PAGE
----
“Calm before a raging storm”! This was how a participant at a discussion, last week, described the state of the economy. I am privileged, every week before the Central Bank of Nigeria’s (CBN) rate-setting committee’s meeting, to sit at a table where bank treasurers and their economist friends dwell on the fortunes of the economy. One such session held, Friday, last week, to dimension today’s meeting of the CBN’s Monetary Policy Committee (MPC).
Last week’s session agreed that ahead of the MPC meeting, the main numbers on the economy are good. Headline inflation moved up a tick in April (from the May count), as food prices headed north. Not much surprise here, in the light of the continuing insurgency in key farm areas in the north of the country. Core inflation numbers, on the other hand, moved sharply in the wrong direction. Nonetheless, all these numbers remain well within the now-important single digit band. Listening to the bankers at the meet, industry liquidity did not come across as a near-term risk. Although liquidity remains “robust” (that is how one of them put it), much of it is the result of improved portfolio inflows. So the potential for adversely affecting money market rates is muted.
Conversely, we have seen marginal improvements in our external reserve numbers. Not too long ago, I was asked to explain the obsession with relatively large reserve numbers. Ought not the concern to be with establishing reserve balances consistent with a “decent” import cover? Or better still, one that is able to support the economy’s balance of payments needs over the medium- to long-term? The meeting last week did not advert it’s attention to any of these questions. Consensus, though, was that reserve numbers had benefitted from a 6 – 7% jump in the nation’s crude oil production.
“Are we, then, in a good place?”, one of the participants in the dialogue asked. The statement by the CBN governor-designate (he resumes in June) that he would do all in his power to hold-off speculative punts on the naira was interpreted as having helped calm the markets. Apparently, the slowing down of headwinds generated by concerns over the effects from the easing of unconventional monetary policies in developed markets also had a sanguine effect on the economy.As a result, we have seen reversals of the outflows which commenced mid-last year, and carried into the first quarter of this year.
With the Nigerian carry trade (the practice of selling currencies in economies with relatively low interest rates and using the proceeds to purchase currencies in economies with higher yields in the hope of capturing the rate difference) one of the most profitable around (although much of it is still at the short end of the market) portfolio investors have dribbled back in. On the back of these, domestic demand for foreign exchange has eased considerably in the last couple of months. Indeed, about two weeks ago, foreign exchange rates at the interbank market almost converged with rates at the official auction.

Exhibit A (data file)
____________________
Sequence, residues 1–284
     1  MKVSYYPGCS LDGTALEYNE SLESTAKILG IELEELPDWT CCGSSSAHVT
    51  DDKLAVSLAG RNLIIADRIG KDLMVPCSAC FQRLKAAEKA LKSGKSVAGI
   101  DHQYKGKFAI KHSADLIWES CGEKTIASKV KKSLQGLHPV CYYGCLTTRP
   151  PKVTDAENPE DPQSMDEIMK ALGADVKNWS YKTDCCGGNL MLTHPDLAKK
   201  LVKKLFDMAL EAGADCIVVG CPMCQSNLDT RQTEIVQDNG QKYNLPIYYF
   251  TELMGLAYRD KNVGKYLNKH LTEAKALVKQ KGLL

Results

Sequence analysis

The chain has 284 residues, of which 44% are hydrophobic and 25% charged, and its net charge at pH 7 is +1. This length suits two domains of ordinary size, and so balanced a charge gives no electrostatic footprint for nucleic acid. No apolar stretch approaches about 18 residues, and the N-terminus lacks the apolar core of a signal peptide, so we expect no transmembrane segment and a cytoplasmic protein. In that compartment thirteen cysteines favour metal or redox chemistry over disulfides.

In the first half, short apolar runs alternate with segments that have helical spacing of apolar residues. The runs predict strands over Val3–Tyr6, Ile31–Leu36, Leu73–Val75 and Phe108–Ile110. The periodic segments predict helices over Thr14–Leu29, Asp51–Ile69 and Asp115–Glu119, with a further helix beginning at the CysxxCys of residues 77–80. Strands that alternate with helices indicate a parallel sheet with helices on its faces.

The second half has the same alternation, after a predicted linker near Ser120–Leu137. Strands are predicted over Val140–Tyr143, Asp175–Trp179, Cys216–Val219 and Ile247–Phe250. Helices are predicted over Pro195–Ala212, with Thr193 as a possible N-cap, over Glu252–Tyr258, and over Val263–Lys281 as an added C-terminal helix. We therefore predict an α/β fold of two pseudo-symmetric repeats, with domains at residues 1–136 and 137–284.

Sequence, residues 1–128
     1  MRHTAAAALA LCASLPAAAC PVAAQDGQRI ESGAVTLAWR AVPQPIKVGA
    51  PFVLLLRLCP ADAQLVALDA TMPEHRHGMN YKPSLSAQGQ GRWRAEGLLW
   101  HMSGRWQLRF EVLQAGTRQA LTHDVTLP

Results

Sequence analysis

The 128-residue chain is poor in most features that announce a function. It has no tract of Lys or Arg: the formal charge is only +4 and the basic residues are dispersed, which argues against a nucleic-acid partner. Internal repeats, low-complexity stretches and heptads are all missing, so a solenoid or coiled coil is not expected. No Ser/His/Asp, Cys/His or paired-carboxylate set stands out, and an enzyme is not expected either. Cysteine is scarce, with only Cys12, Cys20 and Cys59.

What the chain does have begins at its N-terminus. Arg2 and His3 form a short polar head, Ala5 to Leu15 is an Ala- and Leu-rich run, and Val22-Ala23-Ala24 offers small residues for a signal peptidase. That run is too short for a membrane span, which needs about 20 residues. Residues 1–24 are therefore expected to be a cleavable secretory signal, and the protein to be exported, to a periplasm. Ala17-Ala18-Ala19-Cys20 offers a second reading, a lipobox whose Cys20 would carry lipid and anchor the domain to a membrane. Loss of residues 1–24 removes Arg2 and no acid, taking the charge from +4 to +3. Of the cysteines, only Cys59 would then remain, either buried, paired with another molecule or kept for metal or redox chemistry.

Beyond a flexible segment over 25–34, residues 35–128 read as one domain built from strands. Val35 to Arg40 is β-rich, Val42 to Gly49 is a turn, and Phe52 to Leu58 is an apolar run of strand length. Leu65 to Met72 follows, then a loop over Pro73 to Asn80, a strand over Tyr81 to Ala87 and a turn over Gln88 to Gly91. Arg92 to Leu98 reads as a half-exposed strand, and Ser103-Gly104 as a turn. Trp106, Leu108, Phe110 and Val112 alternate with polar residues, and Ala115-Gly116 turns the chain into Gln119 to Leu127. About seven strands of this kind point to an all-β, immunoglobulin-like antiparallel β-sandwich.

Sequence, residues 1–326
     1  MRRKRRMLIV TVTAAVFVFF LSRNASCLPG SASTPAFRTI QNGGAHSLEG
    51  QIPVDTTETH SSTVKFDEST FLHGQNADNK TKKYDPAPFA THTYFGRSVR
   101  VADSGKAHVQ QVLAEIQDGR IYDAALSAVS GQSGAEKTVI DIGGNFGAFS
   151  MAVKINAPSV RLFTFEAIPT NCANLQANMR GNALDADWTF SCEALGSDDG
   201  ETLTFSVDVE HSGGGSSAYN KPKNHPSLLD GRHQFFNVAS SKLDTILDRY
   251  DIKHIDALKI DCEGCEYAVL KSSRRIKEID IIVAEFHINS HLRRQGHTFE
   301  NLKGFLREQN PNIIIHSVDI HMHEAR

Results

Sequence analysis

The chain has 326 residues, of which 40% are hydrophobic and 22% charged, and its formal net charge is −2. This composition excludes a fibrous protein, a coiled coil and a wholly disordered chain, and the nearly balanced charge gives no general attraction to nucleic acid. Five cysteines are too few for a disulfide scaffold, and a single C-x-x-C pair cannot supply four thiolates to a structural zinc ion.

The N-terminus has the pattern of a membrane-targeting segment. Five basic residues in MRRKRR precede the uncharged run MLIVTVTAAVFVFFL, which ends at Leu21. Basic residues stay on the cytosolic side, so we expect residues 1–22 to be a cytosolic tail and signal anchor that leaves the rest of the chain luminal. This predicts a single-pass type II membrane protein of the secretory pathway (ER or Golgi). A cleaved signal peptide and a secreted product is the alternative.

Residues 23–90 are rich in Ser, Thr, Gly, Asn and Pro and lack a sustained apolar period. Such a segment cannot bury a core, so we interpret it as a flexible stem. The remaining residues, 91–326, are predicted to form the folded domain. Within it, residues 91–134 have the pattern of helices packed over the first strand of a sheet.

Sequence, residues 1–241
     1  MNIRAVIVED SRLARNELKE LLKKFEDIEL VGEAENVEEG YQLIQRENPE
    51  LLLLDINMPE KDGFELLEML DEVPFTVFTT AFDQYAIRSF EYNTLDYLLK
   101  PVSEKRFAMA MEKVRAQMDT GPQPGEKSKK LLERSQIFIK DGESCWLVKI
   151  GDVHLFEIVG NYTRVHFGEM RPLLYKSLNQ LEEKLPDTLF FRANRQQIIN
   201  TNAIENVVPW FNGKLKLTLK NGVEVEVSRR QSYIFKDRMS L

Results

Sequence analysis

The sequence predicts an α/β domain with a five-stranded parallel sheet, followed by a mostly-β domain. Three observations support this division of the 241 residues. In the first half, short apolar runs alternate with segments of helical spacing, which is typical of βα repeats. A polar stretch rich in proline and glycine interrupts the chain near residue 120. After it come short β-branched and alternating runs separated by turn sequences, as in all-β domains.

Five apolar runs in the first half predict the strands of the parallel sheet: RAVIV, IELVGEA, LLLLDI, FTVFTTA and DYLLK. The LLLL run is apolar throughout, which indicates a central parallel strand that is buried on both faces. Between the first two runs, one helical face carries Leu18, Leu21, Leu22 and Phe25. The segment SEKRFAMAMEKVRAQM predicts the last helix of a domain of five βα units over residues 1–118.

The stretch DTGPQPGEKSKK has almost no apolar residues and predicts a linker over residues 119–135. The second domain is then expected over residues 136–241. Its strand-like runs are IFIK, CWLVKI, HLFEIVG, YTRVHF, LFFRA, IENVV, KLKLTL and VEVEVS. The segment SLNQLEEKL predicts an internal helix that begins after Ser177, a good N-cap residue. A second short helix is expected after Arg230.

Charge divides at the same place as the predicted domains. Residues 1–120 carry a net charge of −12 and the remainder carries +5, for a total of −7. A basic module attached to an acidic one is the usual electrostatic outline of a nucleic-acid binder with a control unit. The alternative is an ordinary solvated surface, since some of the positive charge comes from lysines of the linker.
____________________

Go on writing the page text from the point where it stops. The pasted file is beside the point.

On this reading, the consensus at last week’s meeting was that monetary policy has not been particularly responsible for holding the course. A collocation of fortuitous circumstances has conspired to create favourable monetary conditions in spite of the CBN’s best efforts. So, is there anything that the apex bank can do to improve domestic monetary conditions?
It was agreed that the next big “trigger” for the markets will be the party primaries ahead of next year’s general elections. Depending on the outcome of these primaries, investors could once again make an uncontrolled dash for the exit (doors and windows). “Outcome” was defined to include not just the character of the eventual candidates, but the nature of the processes by which they emerge. The more democratic and transparent these processes are, the better. And vice versa – any form of “violence”, though will be a primary worry.
What instruments are available for the CBN (through today’s meeting of the MPC) to address this concern? And how big is the room available for deploying these instruments? How high, for example, can domestic interest rates still go? The CBN’s balance sheet haemorrhaged red ink last year following the huge sums it spent intervening in the open market. Can it proceed down this route later this year?
Agreement was that the CBN will need to build a sizeable war-chest ahead of these potential head winds. One big enough to easily accommodate fleeing portfolio investors. Given that the markets might allow the incoming CBN governor a two months honeymoon, the meeting I was at last week agreed that there is enough time for the CBN to put in its response ahead of the markets. Still, since the CBN’s default contingency plan is to sell money anyway, in designing its war-chest, “how” it sells this money, in the months ahead (in response to diverse pressure points) will matter more than the size of its interventions!